Replacing dated or mismatched hardware is a ridiculously cheap and easy way to achieve a polished look without breaking the bank (or a sweat!)
For me, one of the most alluring features of new construction was the flexibility to upgrade doors and hardware. Checking out some model homes in our area, I fell in love with the clean and polished appearance of premium interior shaker-style doors.
I wanted to bring those fancy vibes to our home, but unfortunately, as much as I would have loved to replace all of our generic six-panel doors with something a little more ritzy, it wasn’t in the budget.
Besides, our doors were actually in great shape thanks to a shiny coat of fresh paint!
My only grievance was the mis-matched door handles. Some were updated brushed nickel levers, some were ancient brass knobs… and some straight up made no sense (like a hall closet door that locked from the outside).
So while the doors were here to stay, the hardware had to go.
I’d describe our working knowledge of door handles as “long time user, first time buyer.” To ease ourselves into the unknown, we did some shopping around.
Though I still (incorrectly) use “knob” and “lever” interchangeably, we did manage to learn that there are four types of handles:
- Passage (your standard door handle, for bedrooms and closets)
- Privacy (flimsy lock that offers the illusion of privacy but can be opened with a bobby pin, for bathrooms)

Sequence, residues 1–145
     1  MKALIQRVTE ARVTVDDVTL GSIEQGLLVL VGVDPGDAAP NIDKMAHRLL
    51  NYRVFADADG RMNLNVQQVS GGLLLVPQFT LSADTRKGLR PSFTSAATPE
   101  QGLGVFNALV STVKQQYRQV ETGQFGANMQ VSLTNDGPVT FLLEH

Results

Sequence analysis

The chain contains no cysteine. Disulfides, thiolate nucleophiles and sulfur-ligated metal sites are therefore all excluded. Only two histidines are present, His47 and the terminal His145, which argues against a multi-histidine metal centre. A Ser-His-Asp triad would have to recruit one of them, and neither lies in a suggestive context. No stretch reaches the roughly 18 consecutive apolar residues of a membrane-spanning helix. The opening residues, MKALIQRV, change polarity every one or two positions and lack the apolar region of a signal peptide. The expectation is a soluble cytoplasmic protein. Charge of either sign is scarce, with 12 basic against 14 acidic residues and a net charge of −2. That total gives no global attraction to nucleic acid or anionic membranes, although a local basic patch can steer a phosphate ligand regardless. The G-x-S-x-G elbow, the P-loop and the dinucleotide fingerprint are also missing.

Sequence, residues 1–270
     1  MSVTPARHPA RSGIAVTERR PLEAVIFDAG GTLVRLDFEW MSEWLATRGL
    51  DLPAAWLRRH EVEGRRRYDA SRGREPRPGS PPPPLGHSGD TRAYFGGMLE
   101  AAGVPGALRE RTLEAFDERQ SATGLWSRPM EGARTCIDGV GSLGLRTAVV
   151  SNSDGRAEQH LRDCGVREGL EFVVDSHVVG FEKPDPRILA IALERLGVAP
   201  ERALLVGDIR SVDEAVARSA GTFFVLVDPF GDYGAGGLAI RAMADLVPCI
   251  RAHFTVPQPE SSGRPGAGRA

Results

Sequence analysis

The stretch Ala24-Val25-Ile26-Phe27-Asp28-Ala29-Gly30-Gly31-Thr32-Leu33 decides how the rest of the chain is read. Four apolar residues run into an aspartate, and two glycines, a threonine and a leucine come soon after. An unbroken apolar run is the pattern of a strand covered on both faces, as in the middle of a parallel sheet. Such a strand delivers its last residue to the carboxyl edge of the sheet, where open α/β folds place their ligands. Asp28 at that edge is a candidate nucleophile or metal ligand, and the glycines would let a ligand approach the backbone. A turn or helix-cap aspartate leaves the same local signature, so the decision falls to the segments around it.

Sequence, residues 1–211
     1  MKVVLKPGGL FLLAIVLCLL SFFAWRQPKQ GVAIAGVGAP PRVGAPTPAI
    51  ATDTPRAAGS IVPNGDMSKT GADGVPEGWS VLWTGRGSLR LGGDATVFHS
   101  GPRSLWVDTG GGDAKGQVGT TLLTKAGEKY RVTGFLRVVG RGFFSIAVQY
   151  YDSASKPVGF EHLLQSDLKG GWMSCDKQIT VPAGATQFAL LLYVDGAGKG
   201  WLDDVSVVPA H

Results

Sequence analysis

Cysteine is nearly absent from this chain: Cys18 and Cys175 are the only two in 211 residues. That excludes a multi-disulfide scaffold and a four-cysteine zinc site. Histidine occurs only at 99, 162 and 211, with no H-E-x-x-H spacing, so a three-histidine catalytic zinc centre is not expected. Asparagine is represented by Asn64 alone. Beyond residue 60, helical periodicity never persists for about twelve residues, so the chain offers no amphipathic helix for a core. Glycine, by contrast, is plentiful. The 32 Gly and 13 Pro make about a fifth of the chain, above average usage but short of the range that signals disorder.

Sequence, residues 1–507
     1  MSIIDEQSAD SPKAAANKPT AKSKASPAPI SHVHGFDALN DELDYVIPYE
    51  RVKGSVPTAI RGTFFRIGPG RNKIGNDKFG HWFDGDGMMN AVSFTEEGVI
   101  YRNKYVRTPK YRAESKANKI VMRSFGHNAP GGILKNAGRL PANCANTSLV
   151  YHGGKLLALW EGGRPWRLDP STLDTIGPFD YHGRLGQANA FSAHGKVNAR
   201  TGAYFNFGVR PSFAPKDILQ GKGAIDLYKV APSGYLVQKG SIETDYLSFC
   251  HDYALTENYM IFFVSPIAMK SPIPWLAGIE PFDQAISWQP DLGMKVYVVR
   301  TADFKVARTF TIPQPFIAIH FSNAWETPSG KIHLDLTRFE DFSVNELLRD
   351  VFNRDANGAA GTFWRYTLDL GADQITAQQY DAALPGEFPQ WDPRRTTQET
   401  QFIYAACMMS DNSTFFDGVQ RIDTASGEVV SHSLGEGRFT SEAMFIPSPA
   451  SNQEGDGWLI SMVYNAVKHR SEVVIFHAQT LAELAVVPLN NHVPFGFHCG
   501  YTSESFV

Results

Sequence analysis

- Keyed Entry (a locking door handle that means business and requires a key to open, for exterior doors or the pantry if you’re weirdly territorial about your Cheetos stash)
- Dummy (looks like a working handle but is actually just an imposter screwed to the front of a non-latching door, for closets or French doors)
As with most things, price is directly proportional to coolness. Round knobs are at the bottom of the price spectrum in the low teens. For a few dollars more, you get into basic lever territory, with options that look like a drag queen’s eyebrow and come in a range of non-reflective finishes.
The real magic starts to happen once you get into the $20 price range. We challenged ourselves to find the coolest design possible with a budget of $25 per handle.
We chose the Soltice lever in a satin nickel finish.
I’m just going to throw out the handful of adjectives that immediately come to mind when I think of this door handle: versatile, simple, clean-cut, smooth, swanky, and (best of all) cheap!
After an initial mishap where I may or may not have locked myself in the powder room with the door lock latched and no handle on my side of the door (you can’t fix stupid), these were incredibly easy, quick, and satisfying to install.
Welcome to this century, doors!
I didn’t think it could get any better, but then we got the first coat of grey paint on the walls, and I was smitten.
Bottom line: if you’re lusting after custom doors but you have a “deal with it” budget, swapping out the hardware is an amazing way to update your home and boost morale in your hallway.
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